David Wovrosh, Blog Editor, University of Cincinnati Law Review
Courts are notoriously wary to wade into matters of pretrial plea deals. Breaking with this historical hesitancy, two sister cases, Lafler v. Cooper and Missouri v. Frye, marked a departure from the Supreme Court’s silence on plea bargaining by extending Sixth Amendment effective assistance of counsel protections to cover plea deals. The judicial ramifications of these decisions remains to be seen but that has not stopped an avalanche of commentary.
The reality is that plea bargaining is a largely extrajudicial affair in which prosecutors operate with little to no judicial oversight. This article argues the plea-bargaining system is truly a regime of unilateral semi-private ordering that undermines the democratic ideals the traditional Anglo-American adversarial system is designed to uphold. The Court’s extension of constitutional protections to the largely unregulated plea-bargaining system is a step in the right direction, however reform is still needed.
The Plea Function and Supreme Court Precedent
One of the persistent ideals in American jurisprudence is the Anglo-American adversarial trial process in which two opposing sides engage the court to adjudicate disputes. This stands in opposition to the European model, which employs an “inquisitorial” approach that largely dispenses with the adversarial nature of the trial. Most American legal observers pay lip service to how the Anglo-American model is “more protective of liberty, more democratic, and less dominated by agents of the government” than an inquisitorial model. American courts begin with the presumption that trials move through the Anglo-American adversarial process. This presumption, however, is misplaced and fails to recognize the extent to which the Anglo-American adversarial system is no longer the primary way cases are adjudicated.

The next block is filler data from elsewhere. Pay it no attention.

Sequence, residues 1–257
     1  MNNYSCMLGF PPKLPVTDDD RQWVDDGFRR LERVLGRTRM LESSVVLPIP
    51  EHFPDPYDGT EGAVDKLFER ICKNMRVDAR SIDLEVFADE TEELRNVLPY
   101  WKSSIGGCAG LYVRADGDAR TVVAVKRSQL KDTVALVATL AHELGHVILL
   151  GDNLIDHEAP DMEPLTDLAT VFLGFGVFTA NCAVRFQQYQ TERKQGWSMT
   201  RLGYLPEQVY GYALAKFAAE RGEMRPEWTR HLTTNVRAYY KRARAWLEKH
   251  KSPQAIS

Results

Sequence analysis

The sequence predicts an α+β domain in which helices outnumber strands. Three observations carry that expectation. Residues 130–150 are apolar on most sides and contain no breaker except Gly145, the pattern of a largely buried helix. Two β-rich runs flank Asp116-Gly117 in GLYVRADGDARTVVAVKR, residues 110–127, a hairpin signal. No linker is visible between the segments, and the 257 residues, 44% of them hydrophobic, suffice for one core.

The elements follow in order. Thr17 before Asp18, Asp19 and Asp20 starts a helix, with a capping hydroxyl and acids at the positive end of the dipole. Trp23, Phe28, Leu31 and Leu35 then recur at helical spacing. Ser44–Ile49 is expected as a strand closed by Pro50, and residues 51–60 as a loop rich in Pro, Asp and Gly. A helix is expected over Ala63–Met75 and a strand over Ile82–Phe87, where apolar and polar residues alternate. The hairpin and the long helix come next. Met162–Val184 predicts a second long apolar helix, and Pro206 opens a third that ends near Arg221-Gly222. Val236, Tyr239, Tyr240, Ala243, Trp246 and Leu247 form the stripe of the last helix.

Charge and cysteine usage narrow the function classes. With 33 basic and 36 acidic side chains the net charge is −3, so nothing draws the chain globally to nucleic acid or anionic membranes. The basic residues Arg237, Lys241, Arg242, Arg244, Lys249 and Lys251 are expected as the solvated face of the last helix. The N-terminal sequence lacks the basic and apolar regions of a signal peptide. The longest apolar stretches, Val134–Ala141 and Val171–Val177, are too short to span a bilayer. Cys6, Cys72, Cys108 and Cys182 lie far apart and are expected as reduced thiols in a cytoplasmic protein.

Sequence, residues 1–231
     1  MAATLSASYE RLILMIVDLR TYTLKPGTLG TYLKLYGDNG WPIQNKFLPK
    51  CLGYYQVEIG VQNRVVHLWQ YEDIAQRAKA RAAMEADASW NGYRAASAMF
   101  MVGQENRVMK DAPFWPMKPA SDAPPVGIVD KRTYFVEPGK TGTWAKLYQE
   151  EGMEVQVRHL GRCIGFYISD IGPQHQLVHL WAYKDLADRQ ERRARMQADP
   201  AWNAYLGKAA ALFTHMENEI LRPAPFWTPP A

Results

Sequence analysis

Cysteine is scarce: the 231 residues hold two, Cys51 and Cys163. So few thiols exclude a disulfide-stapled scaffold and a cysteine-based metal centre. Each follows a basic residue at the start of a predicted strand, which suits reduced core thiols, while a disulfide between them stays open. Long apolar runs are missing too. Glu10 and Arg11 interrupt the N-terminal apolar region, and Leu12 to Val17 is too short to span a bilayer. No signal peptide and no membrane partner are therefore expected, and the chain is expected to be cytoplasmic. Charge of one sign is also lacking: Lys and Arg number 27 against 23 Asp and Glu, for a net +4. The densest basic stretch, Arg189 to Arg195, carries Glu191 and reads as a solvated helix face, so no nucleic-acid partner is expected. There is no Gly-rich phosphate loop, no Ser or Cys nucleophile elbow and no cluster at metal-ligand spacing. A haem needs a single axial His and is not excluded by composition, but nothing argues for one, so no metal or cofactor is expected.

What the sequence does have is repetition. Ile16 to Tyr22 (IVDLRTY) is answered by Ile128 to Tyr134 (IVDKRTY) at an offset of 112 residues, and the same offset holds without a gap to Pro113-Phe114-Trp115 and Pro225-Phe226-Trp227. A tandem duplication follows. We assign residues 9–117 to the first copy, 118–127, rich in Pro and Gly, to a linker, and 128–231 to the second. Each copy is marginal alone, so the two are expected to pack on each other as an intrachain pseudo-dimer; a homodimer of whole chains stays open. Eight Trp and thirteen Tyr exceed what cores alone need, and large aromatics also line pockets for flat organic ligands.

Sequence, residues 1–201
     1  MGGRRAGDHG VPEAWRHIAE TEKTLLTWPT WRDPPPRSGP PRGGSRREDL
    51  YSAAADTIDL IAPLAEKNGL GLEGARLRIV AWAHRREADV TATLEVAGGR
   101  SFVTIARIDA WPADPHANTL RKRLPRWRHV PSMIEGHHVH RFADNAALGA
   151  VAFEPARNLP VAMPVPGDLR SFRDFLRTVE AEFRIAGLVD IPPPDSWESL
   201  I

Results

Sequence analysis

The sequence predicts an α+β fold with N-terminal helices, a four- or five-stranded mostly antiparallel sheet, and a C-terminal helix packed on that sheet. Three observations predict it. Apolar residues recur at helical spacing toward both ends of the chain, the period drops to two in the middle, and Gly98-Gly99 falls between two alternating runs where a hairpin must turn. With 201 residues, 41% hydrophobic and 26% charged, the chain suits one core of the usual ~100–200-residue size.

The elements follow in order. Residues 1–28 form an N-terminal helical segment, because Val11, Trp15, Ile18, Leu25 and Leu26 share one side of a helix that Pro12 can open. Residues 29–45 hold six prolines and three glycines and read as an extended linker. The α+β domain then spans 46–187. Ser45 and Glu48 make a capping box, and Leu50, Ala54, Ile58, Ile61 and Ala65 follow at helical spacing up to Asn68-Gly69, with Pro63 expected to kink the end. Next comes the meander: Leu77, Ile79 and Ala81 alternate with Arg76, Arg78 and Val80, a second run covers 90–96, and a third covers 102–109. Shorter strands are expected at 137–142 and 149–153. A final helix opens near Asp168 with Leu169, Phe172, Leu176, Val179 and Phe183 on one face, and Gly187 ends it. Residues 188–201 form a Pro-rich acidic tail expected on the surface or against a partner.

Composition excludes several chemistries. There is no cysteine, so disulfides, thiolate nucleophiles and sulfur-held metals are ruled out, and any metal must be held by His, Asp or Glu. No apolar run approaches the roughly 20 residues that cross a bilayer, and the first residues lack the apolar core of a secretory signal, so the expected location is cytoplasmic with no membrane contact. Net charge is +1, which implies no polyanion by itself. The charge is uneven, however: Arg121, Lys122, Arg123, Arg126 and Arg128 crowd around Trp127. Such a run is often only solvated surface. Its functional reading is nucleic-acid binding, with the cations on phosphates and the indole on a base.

Rather, a vast majority of criminal cases are processed not through adversarial trial, but through the plea bargaining system. In fact, “Ninety-seven percent of federal convictions and ninety-four percent of state convictions are the result of guilty pleas.” This reality is all but ignored, given that the “Supreme Court has usually treated plea bargaining as an afterthought, doing little to regulate it.” More recently, however, the Court has come to realize the outsized role that plea bargaining plays in the administration of justice. Three Supreme Court decisions have laid the groundwork for the Court’s extension of constitutional protections to the pleading stage.
In Padilla v. Kentucky, the Supreme Court noted the importance of constitutional safeguards during the plea bargaining stage. The Court announced that the Sixth Amendment requires defendant noncitizens be provided with accurate information about the possibility of deportation before accepting a plea deal. In this regard, the right to counsel required an affirmative step in the pleading stages to ensure that defendants were fully informed of the implications of their decision. In two sister cases, Lafler v. Cooper and Missouri v. Frye, the Supreme Court further extended the notion that plea bargaining should be afforded the full weight of the Sixth Amendment.
In Missouri v. Frye, a criminal defense attorney failed to relay a plea deal to the defendant before the deal expired. This resulted in the defendant pleading guilty to a felony charge instead of what originally was a misdemeanor offer. Over the state’s contention that the defendant had no right to a plea offer and therefore lacked Sixth Amendment guarantees, the Court held this line of argumentation overlooked the reality that trials have largely been replaced by the plea bargaining process. By holding that ineffective assistance of counsel applies through the plea negotiation process, the Court observed “it is insufficient simply to point to the guarantee of a fair trial as a backstop that inoculates any errors in the pretrial process.”